Despite a protest from Brazil’s Environmental Ministry, the Brazilian Navy has announced plans to scuttle and sink its decommissioned aircraft carrier in the Atlantic Ocean. The 32,000-tonne NAe São Paulo has been floating off the Brazilian coast for three months after Turkey refused its entry to be scrapped.
Efforts had previously seen the 1960s-era French-built Clemenceau-class aircraft carrier, commissioned originally as the Foch for the French Marine Nationale, towed by tug to Europe last summer. However, the warship wasn’t allowed through the Gibraltar Straits and returned back across the Atlantic after Ankara deemed it to be an environmental hazard.
The ship is heavily laden with asbestos and other toxic materials. Brazilian officials have contended those are problems for the scrapper, but the Turkish recycling firm Sok Denizcilik Tic Sti refused to accept the hulk, claiming that the amount of hazardous materials is far greater than estimated. Some sources claim the ship may carry 9.6 tons of the cancer-causing material, while others say it could be closer to around 600 tons.
Past evidence certainly suggests the amount of asbestos on board could skew closer to the higher estimates, especially as the carrier’s sister ship – the French Navy carrier Clemenceau – contained more than 700 tons of asbestos when she was sent for scrapping in India nearly two decades ago.
No One Wants the Carrier
In August, Turkey’s Environmental Ministry revoked the import license for the vessel, while the Brazilian Environmental Agency (IBAMA) ordered the ship towed back to Brazil – where domestic ports also blocked its entry. The Brazilian courts sided with the ports, and the ship has since remained at sea.
The fight between the Turkish scrapper and the Brazilian Navy has continued. But time is running out, and a decision was made to sink the ship. Last month, Environment Minister Marina Silva formally requested that the vessel not be sunk, but Brazil was left with few other options.
The carrier is now taking on water, and the Brazilian Navy warned that there is a likelihood the vessel would sink. As a result, a decision was made to scuttle the ship in water about 5,000 meters (2,700 fathoms) deep and about 350 kilometers (218 miles) off-shore still within Brazil’s exclusive economic zone. The site is reported to be far from environmental protection areas while it is also free of undersea communication cables.
“Given its deteriorating floating condition and the inevitability of uncontrolled sinking, there is no other option but to jettison the hull and sink it in a planned way,” the Brazilian Navy said in a statement.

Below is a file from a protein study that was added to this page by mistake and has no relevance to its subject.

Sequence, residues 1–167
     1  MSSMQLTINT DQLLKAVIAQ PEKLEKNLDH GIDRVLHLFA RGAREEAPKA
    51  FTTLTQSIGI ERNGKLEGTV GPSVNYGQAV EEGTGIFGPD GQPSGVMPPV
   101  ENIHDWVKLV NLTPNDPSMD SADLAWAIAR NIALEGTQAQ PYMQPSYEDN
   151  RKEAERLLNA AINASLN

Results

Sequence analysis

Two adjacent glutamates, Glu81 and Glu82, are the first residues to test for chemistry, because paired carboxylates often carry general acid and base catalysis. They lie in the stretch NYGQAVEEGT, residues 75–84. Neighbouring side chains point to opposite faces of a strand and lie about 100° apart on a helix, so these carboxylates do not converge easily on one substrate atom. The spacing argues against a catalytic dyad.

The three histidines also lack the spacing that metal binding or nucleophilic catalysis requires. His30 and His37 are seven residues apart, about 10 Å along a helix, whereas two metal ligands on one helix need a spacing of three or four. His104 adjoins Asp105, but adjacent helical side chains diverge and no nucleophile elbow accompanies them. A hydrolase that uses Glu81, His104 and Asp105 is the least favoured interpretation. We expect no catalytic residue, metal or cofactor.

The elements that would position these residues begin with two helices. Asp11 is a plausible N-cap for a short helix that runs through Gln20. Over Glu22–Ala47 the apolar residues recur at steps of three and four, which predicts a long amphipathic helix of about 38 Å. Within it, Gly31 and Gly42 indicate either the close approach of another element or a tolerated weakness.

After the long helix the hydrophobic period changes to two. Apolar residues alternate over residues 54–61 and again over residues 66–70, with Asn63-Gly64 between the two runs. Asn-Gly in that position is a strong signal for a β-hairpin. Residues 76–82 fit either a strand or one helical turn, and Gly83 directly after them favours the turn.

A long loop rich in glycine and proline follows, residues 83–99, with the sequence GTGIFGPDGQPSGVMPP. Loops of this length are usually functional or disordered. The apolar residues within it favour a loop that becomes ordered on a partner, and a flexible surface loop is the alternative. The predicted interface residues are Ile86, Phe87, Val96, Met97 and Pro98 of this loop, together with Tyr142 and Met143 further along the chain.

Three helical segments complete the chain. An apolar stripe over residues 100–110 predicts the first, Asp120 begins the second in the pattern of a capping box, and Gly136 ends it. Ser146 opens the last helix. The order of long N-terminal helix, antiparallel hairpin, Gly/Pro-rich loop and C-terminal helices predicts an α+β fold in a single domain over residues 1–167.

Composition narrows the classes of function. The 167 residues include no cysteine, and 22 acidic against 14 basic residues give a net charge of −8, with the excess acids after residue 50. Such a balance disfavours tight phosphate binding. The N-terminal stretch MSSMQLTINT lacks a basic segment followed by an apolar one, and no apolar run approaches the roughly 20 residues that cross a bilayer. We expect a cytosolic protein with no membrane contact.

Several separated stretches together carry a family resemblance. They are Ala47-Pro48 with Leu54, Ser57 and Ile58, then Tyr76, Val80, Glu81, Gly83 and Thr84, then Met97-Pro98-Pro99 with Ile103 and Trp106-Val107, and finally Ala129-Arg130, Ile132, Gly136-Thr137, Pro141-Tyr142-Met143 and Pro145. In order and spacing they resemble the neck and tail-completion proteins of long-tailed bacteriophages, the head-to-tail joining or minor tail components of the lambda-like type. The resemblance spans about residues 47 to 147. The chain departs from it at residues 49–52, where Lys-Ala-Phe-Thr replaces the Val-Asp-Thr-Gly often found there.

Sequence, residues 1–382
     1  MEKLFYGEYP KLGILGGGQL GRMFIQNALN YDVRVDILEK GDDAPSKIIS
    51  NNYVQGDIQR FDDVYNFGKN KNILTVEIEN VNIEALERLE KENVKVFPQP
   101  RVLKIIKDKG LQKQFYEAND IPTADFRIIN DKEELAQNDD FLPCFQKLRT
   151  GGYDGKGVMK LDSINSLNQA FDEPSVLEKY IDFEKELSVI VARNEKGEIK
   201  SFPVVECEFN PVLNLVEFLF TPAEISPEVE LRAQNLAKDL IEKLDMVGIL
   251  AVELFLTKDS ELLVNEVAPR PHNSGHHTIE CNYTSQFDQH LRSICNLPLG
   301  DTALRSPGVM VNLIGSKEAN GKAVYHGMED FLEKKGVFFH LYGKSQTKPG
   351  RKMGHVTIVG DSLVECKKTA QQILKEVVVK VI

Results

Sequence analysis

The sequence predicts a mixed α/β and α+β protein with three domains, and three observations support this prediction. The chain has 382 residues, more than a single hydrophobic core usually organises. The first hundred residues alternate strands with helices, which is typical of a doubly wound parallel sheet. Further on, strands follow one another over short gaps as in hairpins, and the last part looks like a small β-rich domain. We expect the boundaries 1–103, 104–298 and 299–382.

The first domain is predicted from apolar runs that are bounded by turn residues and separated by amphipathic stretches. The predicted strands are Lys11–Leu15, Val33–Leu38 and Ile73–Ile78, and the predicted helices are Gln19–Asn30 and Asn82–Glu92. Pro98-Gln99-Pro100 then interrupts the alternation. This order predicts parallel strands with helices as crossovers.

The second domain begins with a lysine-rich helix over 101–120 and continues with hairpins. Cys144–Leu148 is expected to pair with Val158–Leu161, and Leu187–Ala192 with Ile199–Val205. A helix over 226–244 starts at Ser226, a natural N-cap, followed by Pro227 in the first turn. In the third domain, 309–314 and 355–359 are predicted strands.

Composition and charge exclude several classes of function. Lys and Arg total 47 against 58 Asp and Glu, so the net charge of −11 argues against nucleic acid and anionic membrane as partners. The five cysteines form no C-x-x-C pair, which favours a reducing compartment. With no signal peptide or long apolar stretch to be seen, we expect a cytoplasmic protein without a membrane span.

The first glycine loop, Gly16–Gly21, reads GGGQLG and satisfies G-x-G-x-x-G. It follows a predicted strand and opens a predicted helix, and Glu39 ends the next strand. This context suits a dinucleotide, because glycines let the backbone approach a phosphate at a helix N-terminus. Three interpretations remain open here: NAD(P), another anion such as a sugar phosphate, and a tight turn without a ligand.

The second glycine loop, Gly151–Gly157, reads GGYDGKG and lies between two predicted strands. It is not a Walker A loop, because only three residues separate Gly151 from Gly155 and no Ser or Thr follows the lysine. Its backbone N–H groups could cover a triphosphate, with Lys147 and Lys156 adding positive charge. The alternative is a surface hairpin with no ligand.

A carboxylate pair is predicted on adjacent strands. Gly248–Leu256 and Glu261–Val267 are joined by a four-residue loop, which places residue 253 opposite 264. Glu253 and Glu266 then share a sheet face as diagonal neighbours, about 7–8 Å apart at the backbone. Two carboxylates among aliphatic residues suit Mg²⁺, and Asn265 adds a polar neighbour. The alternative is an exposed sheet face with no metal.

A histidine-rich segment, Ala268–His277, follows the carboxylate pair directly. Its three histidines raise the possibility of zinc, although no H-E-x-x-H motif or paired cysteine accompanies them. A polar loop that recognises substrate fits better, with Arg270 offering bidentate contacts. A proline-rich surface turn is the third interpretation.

Lesson Learned: Don’t Buy a Used Aircraft Carrier
This could be an expensive lesson for Brazil, which acquired the former French aircraft carrier in 2000. Refitted and recommissioned as São Paulo, she replaced the former British-made Colossus-class flattop operated by Brazil as the Minas Gerais.
Though São Paulo was meant to greatly increase the capability of the Brazilian Navy, she had a remarkably bad service record. During 16 years in service, the carrier never managed more than three months of operations between maintenance periods. In addition, Brazil struggled to deploy the ship due to funding problems, and the carrier was mainly used for pilot training in port.
The ship further suffered two fires, which required significant repairs. There were some calls to modernize the vessel, which could have allowed it to serve until the late 2030s. But in 2017, the Brazilian Navy decided against further investment, which was found to be uneconomical. Instead, the carrier was formally decommissioned in 2018.
There had been discussions to preserve the carrier as a museum, while another plan was to transfer the vessel for use as a training carrier by the Turkish Navy. However, the latter plan was scuttled because the bilateral agreement between Paris and Brasília stipulated that Brazil would be the ship’s “final user.”
Now instead, it is the carrier that will be scuttled, perhaps the best outcome for the Brazilian Navy.
Author Experience and Expertise: A Senior Editor for 19FortyFive, Peter Suciu is a Michigan-based writer. He has contributed to more than four dozen magazines, newspapers, and websites with over 3,200 published pieces over a twenty-year career in journalism. He regularly writes about military hardware, firearms history, cybersecurity, politics, and international affairs. Peter is also a Contributing Writer for Forbes and Clearance Jobs. You can follow him on Twitter: @PeterSuciu.